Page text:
If you speak to someone with experience with epilepsy, they will tell you about ‘warning signs’ and the ‘confusional state’ after a breakthrough seizure.

Similarly, for those struggling with bipolar disorder and schizophrenia, one becomes more aware of ‘warning signs’, and ‘confusional states’ through direct feedback from loved ones who are observant and psycho-educated by healthcare professionals. Charting, monitoring and sharing your experience are key to success in achieving remission and recovery. Use this mood chart and share it with your mental healthcare professionals for more in-depth analysis – https://loricalabresemd.com/wp-content/uploads/2017/12/Personalized-Mood_Chart.pdf

Symptoms management starts with monitoring your symptoms and the response to the treatment – what makes it better, what makes it worse, whether it is mild, moderate or severe. The frequency, intensity and severity can be charted so that effective treatment of psycho-pharmacology (active use of medications) and psycho-social interventions (psycho-therapy and psycho-social rehabilitation) can be targeted to achieve the best outcome for you.

 

Recovery Is Possible

Your mental healthcare professional can coach and pace you so that it will not be overwhelming. Recovery starts with taking it one day at a time. Be gentle with yourself. Learn to trust and entrust your healing to people who care about you. Learning from feedback as well as charting, monitoring and sharing your experience with loved ones – trusted family or friends or co-workers greatly enhance effectiveness.

Atomic habits by James Clear is an excellent book which illustrates the importance of charting, monitoring and shaping your habits, on the premise of improving 1% daily leading to more than 365% improvement in one year. This is Youtube illustrates how that can happen – “How to become 37.78 times better at anything”. 

There are many services available at Promises Healthcare and Community Partners which can help reduce symptoms, restore function, and improve quality of life. Recovery is possible and becomes a reality with appropriate support and adequate skill training. With the right help and support, persons in recovery can live meaningful and satisfying lives.

Here are some real stories that illustrate many facets of mental health and recovery:

Bipolar Disorder: You Too Can Walk In Recovery

Bipolar Disorder: You Too Can Walk In Recovery

With the recent revelation of American rapper, Kanye West, being diagnosed with Bipolar Disorder, the condition has been brought into the spotlight. The term ‘Bipolar’ (meaning “two poles”) signifies the polar opposites of emotional highs and lows. As the name suggests, Bipolar Disorder is characterised by episodic, extreme mood swings in which the individual experiences intense mania and severe depression. Formerly known as ‘Manic-depressive Illness’, the disorder is a fairly common, yet serious mental health condition. 

 

For individuals struggling with the disorder, manic episodes can last days to weeks and are often associated with hyperactivity, an irritable mood, rapid thoughts, increased recklessness, or an exaggerated sense of self-esteem and power. On the other hand, a depressive episode can last weeks to months. In this phase, individuals may experience increased restlessness, a loss of interest in activities (including those that they usually enjoy), poor concentration or disrupted sleep patterns. In more severe cases, these people may also possess suicidal thoughts and behaviours.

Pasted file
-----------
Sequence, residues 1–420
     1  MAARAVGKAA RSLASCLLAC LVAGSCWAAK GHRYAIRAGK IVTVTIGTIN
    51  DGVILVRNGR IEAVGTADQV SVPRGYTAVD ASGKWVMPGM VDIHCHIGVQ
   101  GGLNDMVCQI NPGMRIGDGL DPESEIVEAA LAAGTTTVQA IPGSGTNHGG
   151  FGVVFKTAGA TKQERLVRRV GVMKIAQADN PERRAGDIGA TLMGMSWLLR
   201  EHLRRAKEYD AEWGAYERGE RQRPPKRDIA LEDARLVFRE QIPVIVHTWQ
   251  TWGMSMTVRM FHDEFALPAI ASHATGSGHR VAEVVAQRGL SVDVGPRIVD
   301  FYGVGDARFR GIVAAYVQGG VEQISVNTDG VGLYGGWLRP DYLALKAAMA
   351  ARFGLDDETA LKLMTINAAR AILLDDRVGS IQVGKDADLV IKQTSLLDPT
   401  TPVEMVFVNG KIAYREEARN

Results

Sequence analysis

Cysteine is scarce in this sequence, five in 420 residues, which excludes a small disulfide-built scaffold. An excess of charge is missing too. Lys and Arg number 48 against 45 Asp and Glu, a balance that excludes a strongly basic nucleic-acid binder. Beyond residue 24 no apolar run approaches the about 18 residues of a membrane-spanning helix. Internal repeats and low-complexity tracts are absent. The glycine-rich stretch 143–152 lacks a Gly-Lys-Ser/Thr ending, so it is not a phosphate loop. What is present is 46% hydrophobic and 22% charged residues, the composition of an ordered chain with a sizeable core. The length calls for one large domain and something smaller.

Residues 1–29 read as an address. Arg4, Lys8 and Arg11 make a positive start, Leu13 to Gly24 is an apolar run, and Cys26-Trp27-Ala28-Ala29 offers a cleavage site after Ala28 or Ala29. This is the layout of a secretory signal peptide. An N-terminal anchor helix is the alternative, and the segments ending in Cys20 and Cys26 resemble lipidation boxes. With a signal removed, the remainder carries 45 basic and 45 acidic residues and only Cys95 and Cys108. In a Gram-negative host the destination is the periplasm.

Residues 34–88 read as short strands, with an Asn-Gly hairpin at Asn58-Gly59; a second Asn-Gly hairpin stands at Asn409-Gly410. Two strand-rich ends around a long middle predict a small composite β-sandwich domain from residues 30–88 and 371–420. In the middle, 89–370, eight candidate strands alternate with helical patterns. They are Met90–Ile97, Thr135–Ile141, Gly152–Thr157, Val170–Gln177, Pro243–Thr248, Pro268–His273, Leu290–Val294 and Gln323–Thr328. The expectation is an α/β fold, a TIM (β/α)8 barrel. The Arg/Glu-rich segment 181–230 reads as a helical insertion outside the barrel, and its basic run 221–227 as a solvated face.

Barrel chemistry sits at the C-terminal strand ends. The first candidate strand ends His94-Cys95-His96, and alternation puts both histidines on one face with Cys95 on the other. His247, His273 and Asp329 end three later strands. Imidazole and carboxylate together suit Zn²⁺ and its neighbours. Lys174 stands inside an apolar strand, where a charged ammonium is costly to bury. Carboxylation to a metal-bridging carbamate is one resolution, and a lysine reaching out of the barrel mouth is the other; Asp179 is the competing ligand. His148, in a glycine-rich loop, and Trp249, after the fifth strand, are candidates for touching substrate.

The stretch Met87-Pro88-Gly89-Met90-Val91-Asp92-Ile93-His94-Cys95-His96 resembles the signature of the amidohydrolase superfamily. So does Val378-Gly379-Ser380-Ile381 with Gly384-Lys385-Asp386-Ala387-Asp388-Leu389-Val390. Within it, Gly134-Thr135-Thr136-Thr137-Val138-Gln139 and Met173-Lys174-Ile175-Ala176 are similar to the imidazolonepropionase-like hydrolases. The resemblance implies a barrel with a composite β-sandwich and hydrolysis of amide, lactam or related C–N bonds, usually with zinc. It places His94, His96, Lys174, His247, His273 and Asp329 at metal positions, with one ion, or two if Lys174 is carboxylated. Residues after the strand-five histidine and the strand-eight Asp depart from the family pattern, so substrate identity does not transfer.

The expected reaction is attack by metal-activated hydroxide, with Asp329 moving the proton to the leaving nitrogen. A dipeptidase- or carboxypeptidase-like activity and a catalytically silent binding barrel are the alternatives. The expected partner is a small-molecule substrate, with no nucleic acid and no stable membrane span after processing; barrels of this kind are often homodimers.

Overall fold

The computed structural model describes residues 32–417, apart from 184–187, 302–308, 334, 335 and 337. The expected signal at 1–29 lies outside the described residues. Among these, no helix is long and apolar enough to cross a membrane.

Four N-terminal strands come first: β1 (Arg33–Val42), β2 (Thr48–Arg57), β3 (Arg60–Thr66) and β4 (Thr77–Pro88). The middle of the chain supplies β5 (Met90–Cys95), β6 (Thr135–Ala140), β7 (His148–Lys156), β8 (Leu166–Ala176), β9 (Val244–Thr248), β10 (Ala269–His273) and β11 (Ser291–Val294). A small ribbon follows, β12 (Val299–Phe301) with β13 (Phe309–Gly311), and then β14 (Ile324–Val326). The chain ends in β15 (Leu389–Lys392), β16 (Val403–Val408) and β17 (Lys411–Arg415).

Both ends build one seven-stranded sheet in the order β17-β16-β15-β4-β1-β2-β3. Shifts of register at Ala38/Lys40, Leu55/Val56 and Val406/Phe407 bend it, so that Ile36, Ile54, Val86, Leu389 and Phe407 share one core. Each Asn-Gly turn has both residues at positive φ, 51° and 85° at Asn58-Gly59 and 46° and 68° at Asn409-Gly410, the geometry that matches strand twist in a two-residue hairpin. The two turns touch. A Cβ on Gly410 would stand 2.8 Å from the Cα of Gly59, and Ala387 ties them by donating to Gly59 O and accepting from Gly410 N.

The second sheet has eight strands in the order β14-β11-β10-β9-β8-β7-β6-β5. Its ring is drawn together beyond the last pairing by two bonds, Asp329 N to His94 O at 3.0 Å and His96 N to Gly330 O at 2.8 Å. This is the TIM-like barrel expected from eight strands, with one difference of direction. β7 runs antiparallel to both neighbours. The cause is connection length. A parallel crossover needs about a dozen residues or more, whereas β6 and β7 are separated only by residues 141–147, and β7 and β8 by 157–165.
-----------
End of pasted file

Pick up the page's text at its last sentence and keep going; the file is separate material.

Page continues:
In order to help us better understand the condition, we interviewed Deborah Seah, a peer support specialist at Psaltcare.  

Deborah Seah

Deborah started experiencing extreme mood swings in her early primary school years. Having known that her paternal family had a history of mental illness, she identified that her condition was most likely to be genetic. However, she had chosen to suffer in silence until 2 decades later, when she sought psychiatric help for postnatal depression and work-related burnout. At that point, she was diagnosed with Bipolar Disorder as well as Generalised Anxiety Disorder. For Deborah, the disorder reigned control over her life – straining her relationships with her loved ones. Before her diagnosis, others could not understand why she was being so unpredictable, and her erratic behaviour had unfortunately caused numerous misunderstandings.

 

“It was very challenging to manage my mood swings at the tender age of 8,” she shared. “When I was experiencing my highs, I would talk very fast, have tremendous amounts of energy, get very excited, or become easily irritable and agitated. On the other hand, when I was experiencing my lows, I would feel very sad and experience low energy levels. I could cry for hours or days over trivial matters and be even suicidal at times. The experience of dealing with bipolar disorder consisted of feelings of helplessness, hopelessness and loneliness as I could not predict or control my emotions and energy.” Deborah’s experience with bipolar disorder led her to face an identity crisis – being confused over her contrasting “personalities”, and not knowing which was the real her.